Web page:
More likely the Iron Bull, on the absolute zero percent chance if he ever ended up in the Fade, would be more likely to somehow fall through a demesne and accidentally kill himself upon landing on another through the sheer power of belief that that’s just what happens after a fall of that height.

That was another thing Adaar had eventually figured out through people yelling at him to get off of roofs or to not jump out of high windows. Not that Adaar had ever had problems with such things. Maybe height-related deaths just affected mortals.

“Also-” Adaar paused for a moment, wondering how much information to share. “This… might not exactly be my first time here. I’ve been here twice before, but neither were for very long, and both times had a very limited selection of scenery. Neither were fantastic for my perceptions on your murderland anyway, and frankly, this time is only marginally better.”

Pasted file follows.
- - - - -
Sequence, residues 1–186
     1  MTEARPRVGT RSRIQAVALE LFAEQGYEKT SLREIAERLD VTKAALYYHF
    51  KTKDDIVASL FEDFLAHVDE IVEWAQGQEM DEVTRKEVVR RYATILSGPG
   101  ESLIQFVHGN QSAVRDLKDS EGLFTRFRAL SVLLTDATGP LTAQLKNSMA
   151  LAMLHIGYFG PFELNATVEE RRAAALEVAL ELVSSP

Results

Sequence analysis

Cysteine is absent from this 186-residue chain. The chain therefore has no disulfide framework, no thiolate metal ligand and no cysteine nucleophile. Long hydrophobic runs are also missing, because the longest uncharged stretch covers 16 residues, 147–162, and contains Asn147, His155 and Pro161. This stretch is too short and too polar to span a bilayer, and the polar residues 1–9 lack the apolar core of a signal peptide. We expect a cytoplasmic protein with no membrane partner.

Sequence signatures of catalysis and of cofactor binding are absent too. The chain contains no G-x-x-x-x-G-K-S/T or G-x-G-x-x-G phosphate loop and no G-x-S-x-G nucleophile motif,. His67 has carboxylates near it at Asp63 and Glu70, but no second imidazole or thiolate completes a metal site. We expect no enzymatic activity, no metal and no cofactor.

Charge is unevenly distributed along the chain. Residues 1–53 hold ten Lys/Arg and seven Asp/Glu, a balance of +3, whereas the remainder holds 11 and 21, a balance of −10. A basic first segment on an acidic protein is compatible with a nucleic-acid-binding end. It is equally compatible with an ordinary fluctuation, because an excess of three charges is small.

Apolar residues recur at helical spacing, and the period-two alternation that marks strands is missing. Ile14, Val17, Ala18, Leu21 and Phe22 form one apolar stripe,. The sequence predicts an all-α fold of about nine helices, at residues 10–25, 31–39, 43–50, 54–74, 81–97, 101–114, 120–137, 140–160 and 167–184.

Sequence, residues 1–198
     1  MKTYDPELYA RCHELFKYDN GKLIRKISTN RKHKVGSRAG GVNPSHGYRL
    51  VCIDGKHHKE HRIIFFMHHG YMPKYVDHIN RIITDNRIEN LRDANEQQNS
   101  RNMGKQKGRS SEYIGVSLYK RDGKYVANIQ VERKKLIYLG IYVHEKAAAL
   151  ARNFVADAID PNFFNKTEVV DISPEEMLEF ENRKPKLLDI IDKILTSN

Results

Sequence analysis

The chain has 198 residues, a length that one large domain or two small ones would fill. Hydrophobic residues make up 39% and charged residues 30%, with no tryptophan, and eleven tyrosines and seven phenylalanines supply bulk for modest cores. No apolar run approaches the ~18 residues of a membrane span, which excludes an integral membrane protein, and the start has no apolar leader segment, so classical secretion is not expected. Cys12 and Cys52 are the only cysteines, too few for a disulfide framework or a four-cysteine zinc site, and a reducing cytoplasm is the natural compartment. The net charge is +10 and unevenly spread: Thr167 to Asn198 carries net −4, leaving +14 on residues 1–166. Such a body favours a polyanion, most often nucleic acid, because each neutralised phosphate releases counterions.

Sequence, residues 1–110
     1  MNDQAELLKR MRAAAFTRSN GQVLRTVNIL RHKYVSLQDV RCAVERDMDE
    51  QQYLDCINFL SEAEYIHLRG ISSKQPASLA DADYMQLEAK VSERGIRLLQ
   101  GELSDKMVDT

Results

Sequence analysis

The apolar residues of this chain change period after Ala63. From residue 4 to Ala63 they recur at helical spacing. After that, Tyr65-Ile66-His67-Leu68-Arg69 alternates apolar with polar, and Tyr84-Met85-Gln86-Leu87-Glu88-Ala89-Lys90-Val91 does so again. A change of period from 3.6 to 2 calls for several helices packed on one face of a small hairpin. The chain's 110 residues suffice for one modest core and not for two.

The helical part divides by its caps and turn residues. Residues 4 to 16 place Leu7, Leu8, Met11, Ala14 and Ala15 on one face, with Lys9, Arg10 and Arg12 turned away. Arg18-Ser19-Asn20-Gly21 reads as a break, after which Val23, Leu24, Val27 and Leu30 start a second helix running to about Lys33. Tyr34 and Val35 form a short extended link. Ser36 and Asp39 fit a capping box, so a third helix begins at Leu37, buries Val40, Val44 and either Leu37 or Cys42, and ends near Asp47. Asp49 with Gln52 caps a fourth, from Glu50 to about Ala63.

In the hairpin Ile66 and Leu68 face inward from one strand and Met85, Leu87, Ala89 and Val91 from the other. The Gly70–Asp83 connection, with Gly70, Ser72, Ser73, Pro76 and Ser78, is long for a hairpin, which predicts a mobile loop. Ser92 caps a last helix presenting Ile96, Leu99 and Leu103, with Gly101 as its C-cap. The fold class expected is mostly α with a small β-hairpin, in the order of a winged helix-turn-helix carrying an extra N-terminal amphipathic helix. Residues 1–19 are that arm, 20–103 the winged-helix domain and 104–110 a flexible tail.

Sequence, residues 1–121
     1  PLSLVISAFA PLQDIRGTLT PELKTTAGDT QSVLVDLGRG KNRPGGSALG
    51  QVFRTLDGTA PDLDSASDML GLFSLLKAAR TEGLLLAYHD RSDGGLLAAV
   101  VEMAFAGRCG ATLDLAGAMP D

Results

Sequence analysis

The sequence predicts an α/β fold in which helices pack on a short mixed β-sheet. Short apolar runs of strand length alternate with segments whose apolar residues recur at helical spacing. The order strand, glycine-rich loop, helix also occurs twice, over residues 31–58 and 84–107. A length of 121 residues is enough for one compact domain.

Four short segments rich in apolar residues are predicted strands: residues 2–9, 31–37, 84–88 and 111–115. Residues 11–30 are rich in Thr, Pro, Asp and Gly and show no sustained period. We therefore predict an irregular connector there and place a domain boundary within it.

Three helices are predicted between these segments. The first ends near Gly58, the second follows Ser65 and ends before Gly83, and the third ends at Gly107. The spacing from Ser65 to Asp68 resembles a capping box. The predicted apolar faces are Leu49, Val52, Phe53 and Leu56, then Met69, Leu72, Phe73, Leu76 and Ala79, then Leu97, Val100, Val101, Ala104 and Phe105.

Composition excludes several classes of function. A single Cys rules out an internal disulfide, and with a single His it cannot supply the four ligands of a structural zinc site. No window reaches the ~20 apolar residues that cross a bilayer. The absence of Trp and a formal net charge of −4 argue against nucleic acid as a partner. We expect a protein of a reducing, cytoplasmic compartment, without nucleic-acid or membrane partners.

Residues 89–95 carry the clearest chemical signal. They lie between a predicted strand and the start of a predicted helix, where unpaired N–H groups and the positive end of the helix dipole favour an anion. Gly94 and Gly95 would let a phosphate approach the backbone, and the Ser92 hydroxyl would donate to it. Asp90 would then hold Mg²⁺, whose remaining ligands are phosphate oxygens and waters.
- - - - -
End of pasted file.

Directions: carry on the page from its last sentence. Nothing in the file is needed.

“You are saying this time is better? Even as Inquisitor and with all the Rifts and your demon-killing mark on your hand and all the Templars?”

Adaar thought for a moment. “You know what? Yeah. This time is actually better than the last couple.”

He had Cole and Leliana after all. That’s one more than the last time, and then two more than his first little visit. Even if he was stuck in the Inquisition, he still had his own will to throw complete drama fits on things, and nobody was literally forcing him to do things. For all that mortals threw a huge fuss over possession, they certainly weren’t above trying to force demons to possess their own for any number of stupid reasons.

Or force them to do other unsavory tasks. Adaar didn’t fully remember because he had cut those parts out of him first chance he had gotten. In the end, it still hadn’t helped.